Another good example of growth hacks is Pay Pal, also using the reciprocity principle. This time, instead of a perceived value (a feeling), they offered real money (20$ in the beginning) to each first user. It’s true that it cost them about $ 60 million, but it delivered 100 000 customers in the first month. At that point, Elon Musk saw it as a good return on investment.
Many others applied the referral model of Pay Pal in the following years. One of the famous examples is Dropbox, another growth hacking success. Instead of money, they offered a different material benefit: extra online storage. Sean Ellis, “the original growth hacker” (as Neil Patel puts it) was one of the minds behind this idea.
The list of examples could go on. The main idea is that growth hacking relies on the multiplying effect of referrals in exchange for an actual or perceived benefit. It’s up to startups to find creative variations of this principle. They need to stand out from the crowd and multiply their customer base at reasonable (even low) costs.
What does it mean for a startup?
The growth hacking approach leads startups to shift their focus (at least in the beginning) from the traditional marketing way. Their way of thinking and operating needs to aim at fast product adoption. This involves acquisition, activation, retention, revenue, and referral, which leads to growth. Not all the subscribers will use the product and subscribe again. Startups need those users who are willing to pay for the product. This path is more comprehensive, yet rapid than the traditional marketing. It works this fast because it offers an immediate benefit.
Still, one method does not exclude the other. While growth hacking aims for a short-term increase in customers, classical marketing involves a long-term strategy. Marketing goes beyond sales, to brand consolidation, consumer behavior, pricing strategy, even product development. Any company needs it. Fast gains are not sustainable.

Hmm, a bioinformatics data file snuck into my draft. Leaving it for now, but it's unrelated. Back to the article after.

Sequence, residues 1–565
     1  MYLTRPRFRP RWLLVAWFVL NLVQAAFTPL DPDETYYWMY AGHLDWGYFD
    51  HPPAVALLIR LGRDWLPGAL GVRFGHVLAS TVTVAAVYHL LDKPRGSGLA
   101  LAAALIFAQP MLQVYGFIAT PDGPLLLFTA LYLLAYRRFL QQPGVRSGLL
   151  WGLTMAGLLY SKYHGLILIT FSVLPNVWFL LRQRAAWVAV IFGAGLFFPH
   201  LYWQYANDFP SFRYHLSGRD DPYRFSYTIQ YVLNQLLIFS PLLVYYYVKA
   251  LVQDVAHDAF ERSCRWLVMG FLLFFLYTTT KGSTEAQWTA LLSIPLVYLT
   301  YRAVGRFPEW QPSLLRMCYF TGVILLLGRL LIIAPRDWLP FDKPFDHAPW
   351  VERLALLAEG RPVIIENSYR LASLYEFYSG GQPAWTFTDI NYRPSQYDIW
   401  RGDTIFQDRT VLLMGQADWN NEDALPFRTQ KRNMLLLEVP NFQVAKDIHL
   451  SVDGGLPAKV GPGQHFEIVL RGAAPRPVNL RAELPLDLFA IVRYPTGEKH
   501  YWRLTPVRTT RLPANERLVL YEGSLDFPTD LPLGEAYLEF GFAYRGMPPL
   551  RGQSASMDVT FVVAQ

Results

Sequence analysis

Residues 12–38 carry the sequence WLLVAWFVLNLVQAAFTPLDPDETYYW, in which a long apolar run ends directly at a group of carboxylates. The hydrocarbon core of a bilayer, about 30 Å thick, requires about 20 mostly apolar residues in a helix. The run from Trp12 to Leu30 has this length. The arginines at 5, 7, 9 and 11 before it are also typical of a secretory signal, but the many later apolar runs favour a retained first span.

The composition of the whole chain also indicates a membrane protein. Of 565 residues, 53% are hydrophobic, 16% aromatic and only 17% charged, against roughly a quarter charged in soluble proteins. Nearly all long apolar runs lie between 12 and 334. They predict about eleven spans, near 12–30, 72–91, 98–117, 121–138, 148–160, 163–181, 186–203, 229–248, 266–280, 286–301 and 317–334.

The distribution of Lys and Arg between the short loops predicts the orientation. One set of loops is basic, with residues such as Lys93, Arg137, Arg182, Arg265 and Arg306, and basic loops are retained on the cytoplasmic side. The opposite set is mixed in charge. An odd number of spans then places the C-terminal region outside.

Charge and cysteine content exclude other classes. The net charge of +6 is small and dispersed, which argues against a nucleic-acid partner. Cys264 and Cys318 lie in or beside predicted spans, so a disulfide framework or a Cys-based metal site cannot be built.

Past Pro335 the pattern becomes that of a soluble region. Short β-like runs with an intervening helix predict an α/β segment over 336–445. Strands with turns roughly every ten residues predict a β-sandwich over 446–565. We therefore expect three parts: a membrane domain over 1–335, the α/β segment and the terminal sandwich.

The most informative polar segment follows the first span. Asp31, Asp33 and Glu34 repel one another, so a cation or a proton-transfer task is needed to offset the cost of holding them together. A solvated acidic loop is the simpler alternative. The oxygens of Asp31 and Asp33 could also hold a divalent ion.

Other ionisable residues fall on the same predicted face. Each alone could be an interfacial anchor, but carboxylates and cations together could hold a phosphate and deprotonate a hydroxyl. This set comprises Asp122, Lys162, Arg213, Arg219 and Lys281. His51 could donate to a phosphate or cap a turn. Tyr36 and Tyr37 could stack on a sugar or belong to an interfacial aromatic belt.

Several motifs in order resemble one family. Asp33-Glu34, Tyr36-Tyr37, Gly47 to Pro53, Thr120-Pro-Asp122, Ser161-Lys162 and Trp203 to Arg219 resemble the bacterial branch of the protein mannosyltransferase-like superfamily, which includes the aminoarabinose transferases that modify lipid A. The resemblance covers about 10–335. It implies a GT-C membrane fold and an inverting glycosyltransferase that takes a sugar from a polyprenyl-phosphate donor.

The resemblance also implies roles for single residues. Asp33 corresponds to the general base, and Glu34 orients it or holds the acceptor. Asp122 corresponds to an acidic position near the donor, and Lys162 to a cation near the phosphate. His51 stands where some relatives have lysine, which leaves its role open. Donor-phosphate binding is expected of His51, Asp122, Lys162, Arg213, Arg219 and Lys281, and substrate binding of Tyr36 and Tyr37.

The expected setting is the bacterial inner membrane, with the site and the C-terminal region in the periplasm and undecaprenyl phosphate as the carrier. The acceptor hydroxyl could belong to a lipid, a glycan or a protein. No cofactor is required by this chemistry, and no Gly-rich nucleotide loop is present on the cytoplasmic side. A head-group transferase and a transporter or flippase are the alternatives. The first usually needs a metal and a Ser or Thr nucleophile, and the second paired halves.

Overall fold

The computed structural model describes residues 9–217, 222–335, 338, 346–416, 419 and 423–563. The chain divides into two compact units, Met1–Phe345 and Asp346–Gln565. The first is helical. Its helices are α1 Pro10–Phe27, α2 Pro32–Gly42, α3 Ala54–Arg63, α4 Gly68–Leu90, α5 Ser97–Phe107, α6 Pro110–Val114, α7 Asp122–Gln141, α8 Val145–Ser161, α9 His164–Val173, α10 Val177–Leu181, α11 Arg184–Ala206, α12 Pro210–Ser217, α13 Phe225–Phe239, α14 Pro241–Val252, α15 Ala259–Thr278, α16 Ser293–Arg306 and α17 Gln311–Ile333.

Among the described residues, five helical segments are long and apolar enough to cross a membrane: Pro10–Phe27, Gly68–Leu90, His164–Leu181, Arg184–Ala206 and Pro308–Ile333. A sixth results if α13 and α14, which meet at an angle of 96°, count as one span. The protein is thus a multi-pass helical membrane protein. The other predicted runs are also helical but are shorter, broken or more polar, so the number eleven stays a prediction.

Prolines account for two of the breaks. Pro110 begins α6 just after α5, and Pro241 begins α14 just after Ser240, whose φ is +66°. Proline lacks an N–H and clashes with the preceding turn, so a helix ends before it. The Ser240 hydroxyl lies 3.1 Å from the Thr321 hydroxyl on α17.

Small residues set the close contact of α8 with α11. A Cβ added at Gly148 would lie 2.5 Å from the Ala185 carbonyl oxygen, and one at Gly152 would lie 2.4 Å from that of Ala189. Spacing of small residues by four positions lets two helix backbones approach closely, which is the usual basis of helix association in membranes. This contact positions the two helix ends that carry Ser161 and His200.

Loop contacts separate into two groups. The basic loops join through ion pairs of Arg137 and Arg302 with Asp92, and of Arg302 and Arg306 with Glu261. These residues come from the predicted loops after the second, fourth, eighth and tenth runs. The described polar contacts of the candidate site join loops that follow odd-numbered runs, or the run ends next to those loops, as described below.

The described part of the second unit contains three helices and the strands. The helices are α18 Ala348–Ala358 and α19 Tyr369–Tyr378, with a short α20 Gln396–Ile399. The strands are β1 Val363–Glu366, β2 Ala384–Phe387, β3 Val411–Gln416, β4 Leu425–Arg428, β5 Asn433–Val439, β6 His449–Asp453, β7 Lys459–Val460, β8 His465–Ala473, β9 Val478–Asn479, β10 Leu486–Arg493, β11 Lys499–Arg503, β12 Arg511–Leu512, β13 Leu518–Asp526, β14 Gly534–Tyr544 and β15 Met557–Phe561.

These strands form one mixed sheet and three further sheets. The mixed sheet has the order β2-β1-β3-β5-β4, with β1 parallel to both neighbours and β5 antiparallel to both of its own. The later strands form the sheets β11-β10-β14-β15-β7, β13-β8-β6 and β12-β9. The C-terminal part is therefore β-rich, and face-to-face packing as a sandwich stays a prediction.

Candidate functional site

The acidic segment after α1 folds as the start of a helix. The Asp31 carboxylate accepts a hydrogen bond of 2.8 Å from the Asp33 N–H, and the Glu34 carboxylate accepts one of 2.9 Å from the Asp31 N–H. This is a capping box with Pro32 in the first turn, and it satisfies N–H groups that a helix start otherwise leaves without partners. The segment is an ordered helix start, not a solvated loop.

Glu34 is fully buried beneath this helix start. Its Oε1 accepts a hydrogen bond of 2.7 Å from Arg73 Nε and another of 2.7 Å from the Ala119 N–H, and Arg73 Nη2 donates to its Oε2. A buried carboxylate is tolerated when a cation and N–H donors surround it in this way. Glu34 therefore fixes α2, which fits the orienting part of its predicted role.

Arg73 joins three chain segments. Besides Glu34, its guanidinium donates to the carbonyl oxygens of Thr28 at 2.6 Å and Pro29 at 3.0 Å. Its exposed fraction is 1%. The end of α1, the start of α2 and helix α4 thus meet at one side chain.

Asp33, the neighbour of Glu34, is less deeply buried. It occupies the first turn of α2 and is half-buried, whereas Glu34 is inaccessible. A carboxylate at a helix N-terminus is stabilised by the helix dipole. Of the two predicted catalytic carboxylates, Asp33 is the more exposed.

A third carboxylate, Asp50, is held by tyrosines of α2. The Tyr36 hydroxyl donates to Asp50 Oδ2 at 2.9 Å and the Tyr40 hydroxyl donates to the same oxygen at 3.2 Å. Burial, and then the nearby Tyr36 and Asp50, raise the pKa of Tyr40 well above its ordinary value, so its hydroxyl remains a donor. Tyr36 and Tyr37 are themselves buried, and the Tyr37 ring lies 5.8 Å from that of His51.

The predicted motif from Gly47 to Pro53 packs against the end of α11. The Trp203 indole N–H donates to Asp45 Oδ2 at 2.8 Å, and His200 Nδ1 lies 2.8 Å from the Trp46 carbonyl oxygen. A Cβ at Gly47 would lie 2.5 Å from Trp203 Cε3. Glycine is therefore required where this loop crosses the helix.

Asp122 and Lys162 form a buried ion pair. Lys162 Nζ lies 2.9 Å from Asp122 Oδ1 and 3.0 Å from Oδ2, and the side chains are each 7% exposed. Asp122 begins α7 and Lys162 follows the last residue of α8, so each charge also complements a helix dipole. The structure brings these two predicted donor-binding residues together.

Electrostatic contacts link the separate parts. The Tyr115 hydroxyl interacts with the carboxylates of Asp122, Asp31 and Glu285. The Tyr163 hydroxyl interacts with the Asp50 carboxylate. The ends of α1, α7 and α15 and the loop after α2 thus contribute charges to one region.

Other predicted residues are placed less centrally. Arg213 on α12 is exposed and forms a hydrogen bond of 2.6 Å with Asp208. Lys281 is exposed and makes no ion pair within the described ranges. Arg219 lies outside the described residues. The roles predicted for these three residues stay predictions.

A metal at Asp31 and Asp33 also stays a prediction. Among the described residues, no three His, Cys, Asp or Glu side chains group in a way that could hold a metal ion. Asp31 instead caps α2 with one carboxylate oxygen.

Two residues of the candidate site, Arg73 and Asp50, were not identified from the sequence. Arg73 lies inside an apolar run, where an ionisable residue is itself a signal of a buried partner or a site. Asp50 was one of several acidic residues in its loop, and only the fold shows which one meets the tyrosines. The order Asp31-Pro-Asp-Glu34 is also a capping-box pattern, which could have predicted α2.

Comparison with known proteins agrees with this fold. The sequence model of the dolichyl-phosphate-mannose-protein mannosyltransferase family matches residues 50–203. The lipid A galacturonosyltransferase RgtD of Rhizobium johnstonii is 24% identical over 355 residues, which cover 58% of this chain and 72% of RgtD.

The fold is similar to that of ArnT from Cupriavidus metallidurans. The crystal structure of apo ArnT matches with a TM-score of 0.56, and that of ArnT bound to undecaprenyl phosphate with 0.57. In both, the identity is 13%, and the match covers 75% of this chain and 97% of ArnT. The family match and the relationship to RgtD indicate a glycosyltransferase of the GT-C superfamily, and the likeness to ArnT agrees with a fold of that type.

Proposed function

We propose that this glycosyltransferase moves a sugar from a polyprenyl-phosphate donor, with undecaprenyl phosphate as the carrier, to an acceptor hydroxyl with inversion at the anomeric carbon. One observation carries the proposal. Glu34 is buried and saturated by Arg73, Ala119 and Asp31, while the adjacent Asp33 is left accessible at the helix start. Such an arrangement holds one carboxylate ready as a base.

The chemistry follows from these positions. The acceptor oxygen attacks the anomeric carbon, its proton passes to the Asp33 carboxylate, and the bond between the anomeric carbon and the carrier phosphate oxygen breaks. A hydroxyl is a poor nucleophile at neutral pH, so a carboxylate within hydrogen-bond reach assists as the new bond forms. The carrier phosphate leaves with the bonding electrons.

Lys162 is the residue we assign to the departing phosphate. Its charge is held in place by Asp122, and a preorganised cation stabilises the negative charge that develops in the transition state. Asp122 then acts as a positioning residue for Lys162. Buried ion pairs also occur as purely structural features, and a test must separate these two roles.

It is, yet, natural for startups to choose growth hacking first and postpone the whole marketing strategy. They are on a race around the clock to get users and customers on a tight budget, so the faster at lower costs, the better.
Nevertheless, there is another side of the same coin. This rush can also have side effects. It can trick some startups to go for less ethical methods in their thirst for adoption and revenue. This is why founders need to recognise the consequences of their actions (harming a competitor, neglecting privacy matters etc.). Otherwise, they could set the wrong example for future actions. They may think: “if we’ve already done it and it got us the results, what stops us to do it again?” This practice can translate into a toxic company culture and affect the brand in the long run.
What to keep in mind
Growth hacking is the youngest cousin of traditional marketing, but, as its name puts it, it grows fast. Due to its innovative nature, boundaries are pretty loose in what or how can be done. Some common sense guidelines, at least, are necessary. Until then, startups need to remember that they can grow fast, on a low budget, without crossing ethics. There are, out there, the ways and the professionals to find them. It’s all a matter of using the right incentives for early adopters. They will further act as “sales representatives” for the product.